Why It's Now or Never for Rajon Rondo to Be the Face of Boston Celtics

Mike WalshCorrespondent IJuly 31, 2013

Is this a face the Boston Celtics can be proud of?
Is this a face the Boston Celtics can be proud of?Jared Wickerham/Getty Images

Given their height advantage, it would be safe to say that Paul Pierce and Kevin Garnett wear bigger sneakers than Rajon Rondo. Next season, the size won’t matter, though, as Rondo will be filling those shoes for the Boston Celtics by any means necessary.

The term "face of the franchise" is probably a little overused in today’s sports vernacular. Sometimes we feel a need to conduct ourselves under the pretense that every franchise must have a player’s face at the forefront of its operation. While that is a discussion for another day, the Celtics are a franchise that needs a face.

It isn’t simply because they are a storied organization with more championship banners and retired jerseys hanging in the rafters than anyone else. Though that is true.

It isn’t simply because over the last seven to 15 years, the Celtics have witnessed some of the best leadership in the sport’s history. Though, that is true too.

It isn’t even simply because there is no Doc Rivers at the podium next year, or Garnett in the locker room, or Pierce at the charity event. Though, that is also true.

It is because of all these things and more that it is now or never for Rondo to become the franchise’s face. 

This is an organization that needs and deserves a face. The leadership that Pierce and Garnett bestowed on that team was amazing and possibly irreplaceable.

The Celtics are in a war of constant friendly fire in the area as well. If they slip, the Boston Bruins and New England Patriots are right there, plowing ahead. The Boston Red Sox will always maintain steadfast progression, even through down years.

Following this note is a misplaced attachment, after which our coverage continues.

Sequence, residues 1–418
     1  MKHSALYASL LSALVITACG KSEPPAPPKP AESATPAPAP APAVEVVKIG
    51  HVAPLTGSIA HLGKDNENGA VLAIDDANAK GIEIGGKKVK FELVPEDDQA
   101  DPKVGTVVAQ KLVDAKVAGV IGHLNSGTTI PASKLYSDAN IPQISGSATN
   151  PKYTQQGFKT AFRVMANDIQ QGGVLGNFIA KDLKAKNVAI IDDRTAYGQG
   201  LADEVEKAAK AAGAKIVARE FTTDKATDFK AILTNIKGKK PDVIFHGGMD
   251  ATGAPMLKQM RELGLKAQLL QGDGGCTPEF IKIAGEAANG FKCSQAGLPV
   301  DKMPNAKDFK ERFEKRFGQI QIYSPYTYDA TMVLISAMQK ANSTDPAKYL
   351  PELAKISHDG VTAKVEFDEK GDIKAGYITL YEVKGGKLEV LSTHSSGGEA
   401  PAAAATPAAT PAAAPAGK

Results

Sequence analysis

In many ways, the Celtics can’t risk fading to the back of New Englanders’ minds. Owner Wyc Grousbeck knows that better than anyone, as he bought the team during a series of doldrum years in the early 2000s.

Now that the Detroit Pistons have made their move to acquire a point guard, there are no apparent suitors out there for Rondo. While that doesn’t mean President of Basketball Operations, and part-time magician, Danny Ainge won’t pull another Brad Stevens rabbit out of his hat, Rondo should be with the Celtics next season.

The Pistons had entertained the idea of going after Rondo. However, Ainge must have wanted one of their young, talented bigs. Instead they pick up Brandon Jennings, a slightly lesser player, for just Brandon Knight and change. 

This can be viewed multiple ways for Celtics fans. Both sides feature Rondo at point guard for the foreseeable future. However, one side is positive and the other negative. There are some who would like to see Rondo traded, allowing the team to bottom out. With a full season of Rondo, this team may threaten for a middling spot in the conference and another fringe lottery pick.

Rondo’s goal for the upcoming season should be to make sure there is only a positive side before the 2014-15 season. In other words, enter your contract year on a good note, Rajon.